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Lowcountry asthma patients suffering due to mountain wildfire

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Charleston Wildfires Smoke

A couple walks on the beach Thursday at Sullivan's Island as smoke from wildfires in the mountains of South Carolina, North Carolina and Georgia hovers over downtown Charleston. Brad Nettles/Staff

Jasmine Matthews, a 7-year-old asthma patient, has battled red and irritated eyes, chest pains and shortness of breath since Saturday.

Her doctor at Charleston Allergy and Asthma put her on a breathing treatment Thursday, hoping it would offset the smoky conditions in the Lowcountry caused by the mountainous wildfires, including one atop Pinnacle Mountain in Pickens County.

“She came to me and told me how much her chest hurts and so the treatment should get her lung functioning back to where it needs to be,” said Jennifer Matthews, Jasmine’s mother.

The state Department of Health and Environmental Control says the large wildfires are producing smoke plumes that are making conditions worse for those who suffer from chronic heart and lung diseases.

Dozens of wildfires that have burned an estimated 190 square miles across the Southeast continue to throw a shroud of smoke over the region.

Daily air-quality reports from the Environmental Protection Agency and other agencies show pollutants have reached unhealthy levels across Georgia, South Carolina and Tennessee as well as portions of Alabama, North Carolina, Kentucky and Virginia.

Dr. Thomas Harper of the physicians Charleston Allergy and Asthma said his office is seeing multiple patients each day due to the smoke.

“Our facilities have reported three to five patients each day who are coming in because they’ve had asthma attacks,” Harper said, adding that child asthma patients can be especially vulnerable to the smoke.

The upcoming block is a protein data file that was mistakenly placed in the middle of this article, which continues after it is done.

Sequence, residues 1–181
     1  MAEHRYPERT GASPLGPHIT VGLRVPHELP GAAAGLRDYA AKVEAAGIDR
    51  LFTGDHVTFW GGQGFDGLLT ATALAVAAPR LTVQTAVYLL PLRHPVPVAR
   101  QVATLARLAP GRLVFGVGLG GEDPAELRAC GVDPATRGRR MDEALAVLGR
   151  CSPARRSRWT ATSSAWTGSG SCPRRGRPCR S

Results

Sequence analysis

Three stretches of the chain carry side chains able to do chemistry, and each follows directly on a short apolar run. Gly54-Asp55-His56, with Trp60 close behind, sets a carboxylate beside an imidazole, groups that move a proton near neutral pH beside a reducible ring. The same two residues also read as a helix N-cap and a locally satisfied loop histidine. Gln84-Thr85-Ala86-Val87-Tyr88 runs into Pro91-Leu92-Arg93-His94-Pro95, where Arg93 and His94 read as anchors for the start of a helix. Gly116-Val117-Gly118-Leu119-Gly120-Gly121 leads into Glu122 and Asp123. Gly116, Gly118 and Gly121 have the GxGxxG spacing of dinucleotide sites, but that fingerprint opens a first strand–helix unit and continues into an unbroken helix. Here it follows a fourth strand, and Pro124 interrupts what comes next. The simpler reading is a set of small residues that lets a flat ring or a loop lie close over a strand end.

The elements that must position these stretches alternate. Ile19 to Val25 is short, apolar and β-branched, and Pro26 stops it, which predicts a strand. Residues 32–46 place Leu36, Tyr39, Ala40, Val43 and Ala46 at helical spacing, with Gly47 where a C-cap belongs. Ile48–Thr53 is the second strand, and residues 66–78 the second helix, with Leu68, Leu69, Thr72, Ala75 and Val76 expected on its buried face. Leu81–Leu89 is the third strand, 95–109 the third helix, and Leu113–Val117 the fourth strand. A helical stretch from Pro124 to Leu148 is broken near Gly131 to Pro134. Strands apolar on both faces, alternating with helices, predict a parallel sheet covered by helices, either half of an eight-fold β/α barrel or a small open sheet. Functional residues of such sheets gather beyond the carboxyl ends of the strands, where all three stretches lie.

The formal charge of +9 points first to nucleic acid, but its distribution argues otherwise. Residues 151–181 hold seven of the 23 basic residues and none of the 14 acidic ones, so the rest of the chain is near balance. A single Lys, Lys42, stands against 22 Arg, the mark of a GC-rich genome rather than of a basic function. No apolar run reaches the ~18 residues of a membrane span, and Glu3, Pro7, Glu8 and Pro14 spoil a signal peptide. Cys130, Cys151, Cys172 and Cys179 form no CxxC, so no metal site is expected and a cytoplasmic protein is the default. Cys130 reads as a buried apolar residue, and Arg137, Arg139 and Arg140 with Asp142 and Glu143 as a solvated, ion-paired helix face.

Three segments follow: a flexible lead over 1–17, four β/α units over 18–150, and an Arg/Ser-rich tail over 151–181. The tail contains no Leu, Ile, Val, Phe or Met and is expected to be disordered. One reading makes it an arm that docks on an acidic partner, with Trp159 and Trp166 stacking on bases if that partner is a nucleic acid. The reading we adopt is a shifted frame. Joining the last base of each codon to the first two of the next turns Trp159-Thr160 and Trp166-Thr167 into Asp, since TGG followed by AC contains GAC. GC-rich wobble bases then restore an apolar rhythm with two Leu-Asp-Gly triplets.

Another code orange air quality alert was issued Thursday and will last through midnight Friday. The alert indicates that fine particles from smoke could approach dangerous levels for sensitive adults, according to the National Weather Service.

Dr. William Dawson, a pulmonologist with Charleston Pulmonary Associates, said there is a “substantial burden of suffering” for lung disease patients and those with chronic issues.

Dawson said his practice, which is affiliated with Roper St. Francis, also has seen an uptick in calls.

“It hit pretty quickly, and it may take a few weeks for patients’ health to get back to normal,” he said. “And time will tell on whether new asthma cases will arise as a result of this.”

Summerville Medical Center, one of the facilities under Trident Health System, also has reported an increased number of patient visits. Officials with the Roper Health system, the Medical University of South Carolina and East Cooper Medical Center said they haven’t seen an increase in patient visits or emergency room trips.

According to DHEC, those who have respiratory issues should limit time outdoors, keep windows and doors closed, and make sure the filter is clean when using air-conditioning and central heating units.

Dawson said asthma and lung disease patients should take their medications when they’re supposed to. And if they notice a change in the effectiveness of the medicine, they should call their doctor.

Dr. Doug Holtzman, the medical director of the Pediatric Emergency Room at Summerville Medical Center, said flu season can exacerbate symptoms related to smoke inhalation, so it’s important to get a flu shot.

“(The wildfire) is a good lead-in to what we normally see in the winter: respiratory illness, flu, etc.,” he said. “Make sure you have your plan in place as winter approaches.”

The Associated Press contributed to this report.

Reach Derrek Asberry at 843-937-5517. Follow him on Twitter @DerrekAsberry.

Sports Reporter

Derrek Asberry is sports reporter with the Post and Courier. He joined the newsroom in March 2016, after three years at the Aiken Standard where he covered the Savannah River Site. He enjoys New York Yankee baseball and poker.

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